Relief could be on the horizon for York County defendants now learning they must serve six-month driver's-license suspensions on drug cases that are years old.
York County Clerk of Courts Don O'Shell said he was called recently by state Rep. Stan Saylor, R-Windsor Township, who is majority whip.
Saylor said he was looking into introducing legislation that would allow the affected defendants to obtain what's known as a "bread and butter" license, which would allow them to drive to and from work, according to O'Shell. He said he thinks that would be in the interests of justice.
"They should get some consideration for the delay where we're not impairing their ability to make a living, but they should (temporarily lose) the freedom of a full-fledged driver's license," O'Shell said. "We'll see what the legislature says."
The problem: An oversight by some employees in the clerk's office has so far led to about 2,600 people receiving their license suspensions years after their criminal cases were resolved.
Defendants who plead guilty or are convicted of certain drug offenses, including simple drug possession, automatically receive a mandatory six-month suspension from the state Department of Transportation.
But some former clerks weren't sending the required notification to PennDOT in those cases, meaning the state wasn't starting the clock on defendants' suspensions, O'Shell has said. He said he was unaware of the problem until recently.
Ongoing audit: O'Shell said he ordered an audit of all affected drug cases going back to 2004, the year he took office, after learning about two cases in Philadelphia in which drivers whose licenses should have been suspended ended up killing people while driving. The oversight predates O'Shell being elected, he said.
So far clerks have finished reviewing cases as far back as 2007 and found that PennDOT wasn't properly notified of about 2,600 cases out of 16,500. That's just under 16 percent of affected drug-related cases, the majority of which were simple drug possession charges, he said.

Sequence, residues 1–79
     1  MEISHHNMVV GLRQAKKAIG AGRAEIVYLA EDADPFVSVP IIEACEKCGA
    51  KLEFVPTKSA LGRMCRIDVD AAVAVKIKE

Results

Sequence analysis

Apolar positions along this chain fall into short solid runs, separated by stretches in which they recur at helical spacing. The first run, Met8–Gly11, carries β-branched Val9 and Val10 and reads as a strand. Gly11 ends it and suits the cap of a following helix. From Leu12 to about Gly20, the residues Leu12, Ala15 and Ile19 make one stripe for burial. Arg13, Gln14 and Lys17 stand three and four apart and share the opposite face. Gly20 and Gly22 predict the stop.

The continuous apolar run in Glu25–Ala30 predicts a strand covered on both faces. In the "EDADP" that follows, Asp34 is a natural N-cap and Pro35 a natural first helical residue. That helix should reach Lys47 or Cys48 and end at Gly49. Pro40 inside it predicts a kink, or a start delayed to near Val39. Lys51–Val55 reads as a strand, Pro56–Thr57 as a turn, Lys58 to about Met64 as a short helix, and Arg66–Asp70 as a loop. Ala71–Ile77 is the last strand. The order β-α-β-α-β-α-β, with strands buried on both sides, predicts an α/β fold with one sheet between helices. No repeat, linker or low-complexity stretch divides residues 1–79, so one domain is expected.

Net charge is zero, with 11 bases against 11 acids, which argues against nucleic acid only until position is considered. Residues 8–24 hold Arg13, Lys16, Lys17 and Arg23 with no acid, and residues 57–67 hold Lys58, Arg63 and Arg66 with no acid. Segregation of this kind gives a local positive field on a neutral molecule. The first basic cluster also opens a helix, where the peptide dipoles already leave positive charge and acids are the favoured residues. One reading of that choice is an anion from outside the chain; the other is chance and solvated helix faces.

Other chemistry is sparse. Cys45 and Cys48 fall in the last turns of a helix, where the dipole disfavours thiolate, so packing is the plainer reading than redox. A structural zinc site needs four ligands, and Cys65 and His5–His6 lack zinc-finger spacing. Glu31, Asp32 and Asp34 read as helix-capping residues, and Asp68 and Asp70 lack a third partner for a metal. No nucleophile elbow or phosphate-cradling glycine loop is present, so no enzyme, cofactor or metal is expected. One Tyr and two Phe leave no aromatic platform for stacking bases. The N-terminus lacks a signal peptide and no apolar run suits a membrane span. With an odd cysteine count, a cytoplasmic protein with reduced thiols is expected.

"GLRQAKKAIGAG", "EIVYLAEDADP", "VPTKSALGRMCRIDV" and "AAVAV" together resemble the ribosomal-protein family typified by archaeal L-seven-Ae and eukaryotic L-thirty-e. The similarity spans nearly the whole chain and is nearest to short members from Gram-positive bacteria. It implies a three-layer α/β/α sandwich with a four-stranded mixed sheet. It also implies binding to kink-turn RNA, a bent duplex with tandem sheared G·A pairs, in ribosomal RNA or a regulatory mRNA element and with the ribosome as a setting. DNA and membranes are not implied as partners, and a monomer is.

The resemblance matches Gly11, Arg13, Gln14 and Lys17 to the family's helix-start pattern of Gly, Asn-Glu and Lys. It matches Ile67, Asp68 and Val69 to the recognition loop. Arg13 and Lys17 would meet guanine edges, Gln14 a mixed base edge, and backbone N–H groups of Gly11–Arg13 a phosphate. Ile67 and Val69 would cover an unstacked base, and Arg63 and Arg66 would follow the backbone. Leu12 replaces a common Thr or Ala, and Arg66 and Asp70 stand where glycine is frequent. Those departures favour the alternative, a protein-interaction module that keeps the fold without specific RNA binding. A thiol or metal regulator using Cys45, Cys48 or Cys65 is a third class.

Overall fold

O'Shell said the audit will likely take another four to six weeks to complete. He estimated there will be about 4,000 affected cases, maybe less.
The clerk's office must notify PennDOT about the resolution of any case in which a defendant is charged with a drug offense that mandates a license suspension, even if the case is dropped or the defendant is acquitted.
What defendants knew: Some defendants now learning of their years-late suspensions have indicated their defense attorneys didn't tell them they faced a mandatory license suspension, O'Shell said.
York defense attorney Suzanne Smith said she finds those claims hard to believe. She is on the board of the York County Bar Association and is its past president.
"I think the majority of attorneys would have notified their clients," she said, but acknowledged people, including attorneys, can make mistakes.
Appeals increase: York County Prothonotary Pam Lee said the number of driver's-license appeals filed in July and August have more than doubled.
In July, 27 such appeals were filed, compared to 13 in July 2013, she said.
Between Aug. 1 and 17, people have filed 17 driver's-license appeals, according to Lee, who said there were only seven such appeals filed during the same period in 2013.
Fourteen of the appeals filed in July were in response to old charges that hadn't been reported to PennDOT in a timely manner, she said. And for August, 14 of the 17 appeals were for old charges, Lee said. The cost in York County to appeal a license suspension is $206, she said.
"There are a lot of very upset people, and understandably so," Lee said.
The court had initially reserved nine days to hear license appeals, but that was increased to 12 days after O'Shell's audit, according to Lee.
Plea forms: O'Shell said he believes adding a line to the county's guilty-plea forms — stating DUI and certain drug offenses come with mandatory license suspensions — could help ensure defendants receive proper notification.
"Basically two-thirds of our caseload are DUIs and drug offenses," he said.
O'Shell said he sent an email to York County President Judge Stephen P. Linebaugh and to the county's court administration office about the idea.
York County Court Administrator Paul Crouse said the idea will be discussed, and it would be up to York County's judges to decide whether the change should be made.
Smith said she thinks some defense attorneys with the York County Bar Association previously proposed the idea, and would support it now.
"The more information we give our clients, the better off we are," she said.
— Reach Liz Evans Scolforo at email@example.com.